Airlift to a new home
A critically endangered black rhino is airlifted by helicopter over rough terrain to a land vehicle as part of the WWF's Black Rhino Range Expansion Project in South Africa. The helicopter trip lasts less than 10 minutes and removes the rhino from difficult and dangerous terrain before being transported by a land vehicle to a new home. The sleeping animals suffer no ill effect from the operation, according to the WWF. (Photo: Green Renaissance/WWF)
An unconventional move
A black rhino is silhouetted in the sky as it is transported using a relatively new capture technique that entails suspending the sleeping rhino by the ankles for a short trip through the air. The animals are being transported to reduce pressure on existing reserves and to curb poaching. The mission is to provide new territory so the animals can rapidly increase their numbers. Black rhino need larger blocks of land than white rhino because they are not social and tend to space themselves out more. Depending on the type of habitat, a population of 50 black rhino would need anywhere between 200 to 1,000 square kilometers of land.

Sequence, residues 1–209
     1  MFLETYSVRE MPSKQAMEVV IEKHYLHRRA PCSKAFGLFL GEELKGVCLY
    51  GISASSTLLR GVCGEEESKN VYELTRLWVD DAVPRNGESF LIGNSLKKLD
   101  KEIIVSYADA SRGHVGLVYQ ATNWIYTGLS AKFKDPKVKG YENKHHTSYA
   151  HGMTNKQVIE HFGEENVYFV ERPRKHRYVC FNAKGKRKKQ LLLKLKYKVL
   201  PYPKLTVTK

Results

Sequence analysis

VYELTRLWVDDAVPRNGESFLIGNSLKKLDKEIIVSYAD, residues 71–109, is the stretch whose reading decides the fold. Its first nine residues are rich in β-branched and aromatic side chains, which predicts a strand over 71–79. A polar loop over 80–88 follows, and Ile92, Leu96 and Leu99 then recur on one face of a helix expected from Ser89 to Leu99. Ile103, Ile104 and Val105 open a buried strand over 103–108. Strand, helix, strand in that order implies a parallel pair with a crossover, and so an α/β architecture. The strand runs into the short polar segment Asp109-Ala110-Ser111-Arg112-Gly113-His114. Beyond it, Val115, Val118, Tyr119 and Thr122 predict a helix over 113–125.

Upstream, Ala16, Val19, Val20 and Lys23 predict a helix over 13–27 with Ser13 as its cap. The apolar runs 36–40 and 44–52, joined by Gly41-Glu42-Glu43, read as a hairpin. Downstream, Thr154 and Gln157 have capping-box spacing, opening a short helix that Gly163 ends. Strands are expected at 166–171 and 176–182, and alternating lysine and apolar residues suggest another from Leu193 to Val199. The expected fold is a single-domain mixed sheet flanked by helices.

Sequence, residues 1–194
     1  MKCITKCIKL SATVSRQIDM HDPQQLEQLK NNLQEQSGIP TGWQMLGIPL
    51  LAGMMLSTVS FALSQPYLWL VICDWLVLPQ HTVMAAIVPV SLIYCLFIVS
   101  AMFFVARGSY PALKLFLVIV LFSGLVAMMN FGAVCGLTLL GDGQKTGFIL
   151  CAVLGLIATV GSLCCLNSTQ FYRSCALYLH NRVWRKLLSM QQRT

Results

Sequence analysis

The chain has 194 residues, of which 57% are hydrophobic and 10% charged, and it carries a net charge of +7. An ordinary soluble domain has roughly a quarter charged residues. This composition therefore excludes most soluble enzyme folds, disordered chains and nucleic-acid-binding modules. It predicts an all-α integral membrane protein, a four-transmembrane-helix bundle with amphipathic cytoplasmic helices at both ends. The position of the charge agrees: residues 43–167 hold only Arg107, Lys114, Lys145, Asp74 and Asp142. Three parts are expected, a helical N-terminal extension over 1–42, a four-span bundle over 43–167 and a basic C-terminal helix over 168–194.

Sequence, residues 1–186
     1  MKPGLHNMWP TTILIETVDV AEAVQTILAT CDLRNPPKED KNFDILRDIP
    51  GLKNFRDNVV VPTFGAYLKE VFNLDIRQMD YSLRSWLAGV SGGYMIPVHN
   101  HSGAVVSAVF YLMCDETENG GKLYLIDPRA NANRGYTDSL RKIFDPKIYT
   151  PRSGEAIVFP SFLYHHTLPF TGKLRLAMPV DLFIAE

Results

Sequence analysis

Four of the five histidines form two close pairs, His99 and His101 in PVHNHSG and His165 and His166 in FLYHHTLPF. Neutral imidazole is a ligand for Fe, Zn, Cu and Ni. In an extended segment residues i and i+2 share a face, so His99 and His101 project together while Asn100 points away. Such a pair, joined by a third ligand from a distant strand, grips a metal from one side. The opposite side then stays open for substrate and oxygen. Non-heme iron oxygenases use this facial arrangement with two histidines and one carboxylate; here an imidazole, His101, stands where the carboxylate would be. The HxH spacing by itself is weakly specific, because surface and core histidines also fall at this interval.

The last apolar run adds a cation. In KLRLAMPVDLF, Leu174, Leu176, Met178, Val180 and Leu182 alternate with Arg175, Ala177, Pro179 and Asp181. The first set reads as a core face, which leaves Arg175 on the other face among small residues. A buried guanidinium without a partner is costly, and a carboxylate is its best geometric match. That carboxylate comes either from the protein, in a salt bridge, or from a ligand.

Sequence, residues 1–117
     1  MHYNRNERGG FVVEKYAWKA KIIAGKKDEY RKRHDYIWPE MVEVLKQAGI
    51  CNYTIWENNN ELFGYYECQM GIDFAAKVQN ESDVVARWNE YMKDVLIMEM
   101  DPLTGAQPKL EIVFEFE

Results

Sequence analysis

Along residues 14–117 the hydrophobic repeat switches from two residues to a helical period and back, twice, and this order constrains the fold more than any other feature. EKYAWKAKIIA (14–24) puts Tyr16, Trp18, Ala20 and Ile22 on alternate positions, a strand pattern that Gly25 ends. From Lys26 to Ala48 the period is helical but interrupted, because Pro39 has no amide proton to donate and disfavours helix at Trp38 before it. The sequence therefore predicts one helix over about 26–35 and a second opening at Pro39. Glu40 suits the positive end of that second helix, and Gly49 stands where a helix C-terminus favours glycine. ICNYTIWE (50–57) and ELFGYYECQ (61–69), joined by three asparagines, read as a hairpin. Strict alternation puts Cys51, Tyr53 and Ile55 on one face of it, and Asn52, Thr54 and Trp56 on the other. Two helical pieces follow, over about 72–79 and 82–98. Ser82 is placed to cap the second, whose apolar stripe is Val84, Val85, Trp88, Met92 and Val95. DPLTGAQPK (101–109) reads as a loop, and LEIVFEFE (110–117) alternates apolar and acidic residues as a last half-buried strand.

"Previously rhinos were either transported by lorry over very difficult tracks, or airlifted in a net," explained WWF's project leader, Dr. Jacques Flamand. "This new procedure is gentler on the darted rhino because it shortens the time it has to be kept asleep with drugs, the respiration is not as compromised as it can be in a net and it avoids the need for travel in a crate over terrible tracks." (Photo: Green Renaissance/WWF)
A new home for an endangered species
Flamand strokes the back of the rhino after administering the antidote to wake up the animal, which has just been released at a new home after an epic 1,500-kilometer journey through the air and on land. About 120 black rhino have been relocated since the conservation effort began. (Photo: Green Renaissance/WWF)
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